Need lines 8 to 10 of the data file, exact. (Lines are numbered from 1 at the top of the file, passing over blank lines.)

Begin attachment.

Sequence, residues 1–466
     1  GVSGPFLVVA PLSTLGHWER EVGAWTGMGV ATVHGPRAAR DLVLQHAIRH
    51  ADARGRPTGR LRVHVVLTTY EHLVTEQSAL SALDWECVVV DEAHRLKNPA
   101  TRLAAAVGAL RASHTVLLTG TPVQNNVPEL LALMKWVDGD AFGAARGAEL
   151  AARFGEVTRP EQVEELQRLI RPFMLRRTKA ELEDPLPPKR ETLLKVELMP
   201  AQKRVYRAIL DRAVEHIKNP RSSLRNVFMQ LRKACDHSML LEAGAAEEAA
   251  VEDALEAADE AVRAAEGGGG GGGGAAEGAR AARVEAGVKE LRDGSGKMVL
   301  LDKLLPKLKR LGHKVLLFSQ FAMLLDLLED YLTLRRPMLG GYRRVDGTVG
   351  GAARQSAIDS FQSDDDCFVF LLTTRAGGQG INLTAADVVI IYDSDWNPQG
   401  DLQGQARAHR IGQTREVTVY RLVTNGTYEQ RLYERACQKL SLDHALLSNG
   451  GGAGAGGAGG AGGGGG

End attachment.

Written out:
   301  LDKLLPKLKR LGHKVLLFSQ FAMLLDLLED YLTLRRPMLG GYRRVDGTVG
   351  GAARQSAIDS FQSDDDCFVF LLTTRAGGQG INLTAADVVI IYDSDWNPQG
   401  DLQGQARAHR IGQTREVTVY RLVTNGTYEQ RLYERACQKL SLDHALLSNG